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The Dragon Princess

It all started somewhere around the sixth grade.  That was when I embarked on writing a short story called Journeys and Wars.  I call it a short story now, but at the time I believed I was writing a novel.  A few years later, I decided to write a sequel to this first story.  It was to be called War of the Lands and would, by the end of high school, be a two book series that between both books totaled roughly 100 pages.  Boy, did I sure know a lot about how long a novel should be.  A binder soon began to be filled with maps, re-writes, chapters written on flyers, notes on napkins, and various other ideas from the years after school.  Soon, an actual novel began to take shape.

Nearly twenty years after graduating high school, I have finally decided to self publish what was formerly called War of the Lands.  That book is now called The Dragon Princess and is now closer to a respectable 300 pages long.  Though it still could use the look of a professional editor (thanks to Danny Cerullo f…
Recent posts

Inches closer and miles away: A look at the United States Men's Soccer Team

A little over a year ago, an argument was being made for the United States Men's National Team to retain Jurgen Klinsmann as coach through the 2018 World Cup.
Then World Cup qualifying began. The United States got off to a horrendous start, Klinsmann was let go, and Bruce Arena was brought in to coach. A one-time thought of soccer ascent now failing, the U.S. turned to its past to transform its future.
Despite  Arena sitting without a loss (7-5-0) since his return, the USMNT looks as uneven as ever.
They can look brilliant, as they did in a 6-0 win over Honduras and a tie with Mexico at Azteca. And the lackluster play follows suit, such as a Gold Cup win over Martinique.
Never mind the team is gearing up for a semi-final match-up in the Gold Cup versus Costa Rica. The results--though at times a struggle--have the United States exactly where they should be in the Gold Cup. 
Arena has used--for the most part--matches in the Gold Cup to evaluate some of t…

That's Science! A formulaic journey into 1990's ABC television

"Pigman is trying prove the Caine-Hackman theory. No matter what time it is, 24 hours a day, you can find a Michael Caine or Gene Hackman movie playing on t.v." - Droz (Jeremy Piven), PCU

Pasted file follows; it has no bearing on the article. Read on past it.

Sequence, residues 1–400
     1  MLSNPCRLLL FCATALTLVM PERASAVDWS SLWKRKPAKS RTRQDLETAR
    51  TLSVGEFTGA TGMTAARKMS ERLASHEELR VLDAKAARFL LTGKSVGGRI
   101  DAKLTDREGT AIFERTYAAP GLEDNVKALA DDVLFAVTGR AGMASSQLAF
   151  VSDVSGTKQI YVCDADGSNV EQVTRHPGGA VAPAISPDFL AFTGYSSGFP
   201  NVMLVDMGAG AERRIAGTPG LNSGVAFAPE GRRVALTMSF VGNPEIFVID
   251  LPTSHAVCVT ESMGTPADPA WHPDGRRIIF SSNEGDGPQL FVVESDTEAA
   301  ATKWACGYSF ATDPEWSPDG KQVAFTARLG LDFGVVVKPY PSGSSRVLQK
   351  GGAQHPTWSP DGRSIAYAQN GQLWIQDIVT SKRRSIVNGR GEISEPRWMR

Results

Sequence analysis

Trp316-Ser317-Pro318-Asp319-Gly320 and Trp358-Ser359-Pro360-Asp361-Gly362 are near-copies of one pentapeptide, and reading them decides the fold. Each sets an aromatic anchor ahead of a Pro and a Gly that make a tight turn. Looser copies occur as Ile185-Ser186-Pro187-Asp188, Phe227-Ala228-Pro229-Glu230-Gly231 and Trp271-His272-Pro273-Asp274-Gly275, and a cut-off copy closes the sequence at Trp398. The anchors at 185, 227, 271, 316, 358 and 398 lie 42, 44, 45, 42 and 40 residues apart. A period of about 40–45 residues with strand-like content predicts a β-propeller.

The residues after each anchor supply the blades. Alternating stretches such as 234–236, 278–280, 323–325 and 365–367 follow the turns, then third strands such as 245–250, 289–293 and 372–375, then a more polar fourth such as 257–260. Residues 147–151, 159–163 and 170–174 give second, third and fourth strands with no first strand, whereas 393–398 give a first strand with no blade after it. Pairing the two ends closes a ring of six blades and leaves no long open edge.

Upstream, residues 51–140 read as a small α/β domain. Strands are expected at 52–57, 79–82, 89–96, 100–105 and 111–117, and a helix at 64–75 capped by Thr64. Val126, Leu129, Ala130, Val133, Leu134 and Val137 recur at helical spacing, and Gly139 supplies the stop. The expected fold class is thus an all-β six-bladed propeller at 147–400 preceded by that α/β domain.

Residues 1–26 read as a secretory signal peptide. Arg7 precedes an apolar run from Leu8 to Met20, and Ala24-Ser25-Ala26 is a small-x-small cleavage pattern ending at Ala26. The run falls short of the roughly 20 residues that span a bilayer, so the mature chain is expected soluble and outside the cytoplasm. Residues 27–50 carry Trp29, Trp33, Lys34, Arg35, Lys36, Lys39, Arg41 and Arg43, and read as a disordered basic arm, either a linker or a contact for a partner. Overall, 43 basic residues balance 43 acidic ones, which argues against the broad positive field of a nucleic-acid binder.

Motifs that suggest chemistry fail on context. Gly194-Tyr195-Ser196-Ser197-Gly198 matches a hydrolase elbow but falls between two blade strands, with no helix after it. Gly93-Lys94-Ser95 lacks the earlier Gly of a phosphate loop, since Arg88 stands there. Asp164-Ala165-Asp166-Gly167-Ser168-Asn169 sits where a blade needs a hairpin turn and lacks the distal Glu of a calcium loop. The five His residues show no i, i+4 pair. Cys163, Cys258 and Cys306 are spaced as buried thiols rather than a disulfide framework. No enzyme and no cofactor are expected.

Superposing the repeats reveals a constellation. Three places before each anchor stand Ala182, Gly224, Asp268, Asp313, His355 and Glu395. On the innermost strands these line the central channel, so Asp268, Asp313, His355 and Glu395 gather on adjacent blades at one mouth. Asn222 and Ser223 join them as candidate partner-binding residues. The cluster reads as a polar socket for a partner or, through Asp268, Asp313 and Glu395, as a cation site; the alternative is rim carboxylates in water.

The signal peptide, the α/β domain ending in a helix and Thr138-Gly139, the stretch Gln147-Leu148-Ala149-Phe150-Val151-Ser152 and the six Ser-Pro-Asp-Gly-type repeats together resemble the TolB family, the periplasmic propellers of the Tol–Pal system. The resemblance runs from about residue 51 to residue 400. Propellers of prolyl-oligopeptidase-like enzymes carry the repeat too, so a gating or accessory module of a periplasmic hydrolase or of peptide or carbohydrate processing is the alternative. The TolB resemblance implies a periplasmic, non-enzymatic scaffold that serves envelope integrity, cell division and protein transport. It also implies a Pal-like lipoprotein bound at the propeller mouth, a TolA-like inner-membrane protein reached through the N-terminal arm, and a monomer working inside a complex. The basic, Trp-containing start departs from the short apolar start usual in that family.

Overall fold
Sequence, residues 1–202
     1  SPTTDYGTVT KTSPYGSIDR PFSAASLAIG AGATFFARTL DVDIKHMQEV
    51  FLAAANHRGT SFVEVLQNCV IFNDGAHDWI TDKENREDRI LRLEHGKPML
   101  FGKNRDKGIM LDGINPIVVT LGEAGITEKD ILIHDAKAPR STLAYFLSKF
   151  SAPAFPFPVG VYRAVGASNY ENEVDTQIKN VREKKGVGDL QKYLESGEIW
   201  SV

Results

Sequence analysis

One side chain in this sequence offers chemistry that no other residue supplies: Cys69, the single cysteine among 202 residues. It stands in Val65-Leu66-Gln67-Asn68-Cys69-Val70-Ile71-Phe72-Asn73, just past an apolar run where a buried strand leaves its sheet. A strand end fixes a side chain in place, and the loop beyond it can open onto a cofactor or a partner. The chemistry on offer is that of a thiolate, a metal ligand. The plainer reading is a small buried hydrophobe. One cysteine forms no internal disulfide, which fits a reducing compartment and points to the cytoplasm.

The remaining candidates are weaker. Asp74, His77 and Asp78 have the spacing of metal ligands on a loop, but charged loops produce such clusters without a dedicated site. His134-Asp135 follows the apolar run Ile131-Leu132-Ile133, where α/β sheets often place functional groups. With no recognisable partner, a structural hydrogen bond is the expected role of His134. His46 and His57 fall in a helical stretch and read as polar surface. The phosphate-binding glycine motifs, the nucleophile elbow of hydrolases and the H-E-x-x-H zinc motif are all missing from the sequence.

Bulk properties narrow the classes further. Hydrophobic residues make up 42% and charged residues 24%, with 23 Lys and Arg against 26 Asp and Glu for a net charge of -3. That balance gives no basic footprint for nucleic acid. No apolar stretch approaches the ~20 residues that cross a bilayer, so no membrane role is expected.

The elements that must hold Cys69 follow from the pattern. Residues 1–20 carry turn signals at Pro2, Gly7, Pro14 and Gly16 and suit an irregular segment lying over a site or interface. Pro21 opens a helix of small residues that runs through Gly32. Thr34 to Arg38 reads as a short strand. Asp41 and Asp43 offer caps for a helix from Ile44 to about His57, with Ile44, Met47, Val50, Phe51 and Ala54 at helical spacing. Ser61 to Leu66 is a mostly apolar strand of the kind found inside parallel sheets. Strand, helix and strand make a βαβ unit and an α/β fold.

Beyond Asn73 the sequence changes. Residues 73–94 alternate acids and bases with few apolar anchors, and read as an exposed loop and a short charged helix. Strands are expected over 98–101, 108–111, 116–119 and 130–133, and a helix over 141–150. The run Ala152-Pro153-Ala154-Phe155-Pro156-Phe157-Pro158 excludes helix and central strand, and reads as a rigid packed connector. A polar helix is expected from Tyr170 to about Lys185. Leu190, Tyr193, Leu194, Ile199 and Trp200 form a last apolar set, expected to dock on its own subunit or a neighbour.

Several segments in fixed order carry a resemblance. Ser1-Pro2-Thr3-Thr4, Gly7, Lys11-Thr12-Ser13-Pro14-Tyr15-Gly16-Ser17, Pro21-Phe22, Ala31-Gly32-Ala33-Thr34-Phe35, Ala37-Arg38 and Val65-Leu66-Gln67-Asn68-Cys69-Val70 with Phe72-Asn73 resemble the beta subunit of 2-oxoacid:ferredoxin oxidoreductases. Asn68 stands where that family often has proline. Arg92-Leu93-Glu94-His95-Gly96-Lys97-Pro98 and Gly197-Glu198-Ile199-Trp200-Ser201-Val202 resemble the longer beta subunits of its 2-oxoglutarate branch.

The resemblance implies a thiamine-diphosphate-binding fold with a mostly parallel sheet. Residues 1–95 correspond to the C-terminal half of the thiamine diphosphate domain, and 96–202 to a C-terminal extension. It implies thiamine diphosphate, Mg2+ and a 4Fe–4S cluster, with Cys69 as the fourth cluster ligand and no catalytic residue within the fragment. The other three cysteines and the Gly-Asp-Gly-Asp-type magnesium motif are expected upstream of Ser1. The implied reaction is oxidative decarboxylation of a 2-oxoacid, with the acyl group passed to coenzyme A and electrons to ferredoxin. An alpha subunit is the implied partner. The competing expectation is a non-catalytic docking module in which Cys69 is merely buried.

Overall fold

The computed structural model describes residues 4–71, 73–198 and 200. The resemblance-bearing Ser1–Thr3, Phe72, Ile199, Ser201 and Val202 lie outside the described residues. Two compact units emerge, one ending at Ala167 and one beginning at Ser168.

There are some days I believe the character of Pigman from PCU is a fictionalized account of my life.

Some days.
It's no secret television shows from the 1990's have a grip on me. Saved by the Bell. Seinfeld. ER. Friends. These shows only scratch the surface of what I sometimes watch to pass the time.
It was while watching an episode of Roseanne that took place at Disney World in which the wheels of my inquisitive mind began turning.
Coupled with seeing episodes of The Middle and Modern Family--two comedies currently showing on ABC--I wondered just how how many sitcoms on ABC had episodes centered on a trip to either Disneyland or Disney World.
More specifically, I wanted to focus on sitcoms airing on ABC in the 1990's (or beginning in the late 80's). Formin…

The value of the unwritten rules of sports

Unwritten rules may not be found in an official rule book, but for many, they are just as important as the written rules that govern a game. Last week, while listening to the latest episode of the That Baseball Show podcast, the hosts briefly brought up the unwritten rule in baseball of 'not bunting to breakup a no-hitter'. This made me wonder how the greater Twitter universe felt about this.
That's right. It was poll time.
It's safe to say the turnout was low, but the results were as follows: Unwritten rule time: Do you bunt to break up a no-hitter? — Jason Haskins (@jasonrh_78) July 3, 2017 Those who voted were pretty split. And with any Twitter poll, there is a lot not said within the parameters of the poll that can come into play. Is it the fifth inning? Seventh? How many runs is your team behind? Is the game tied at zero in the late innings?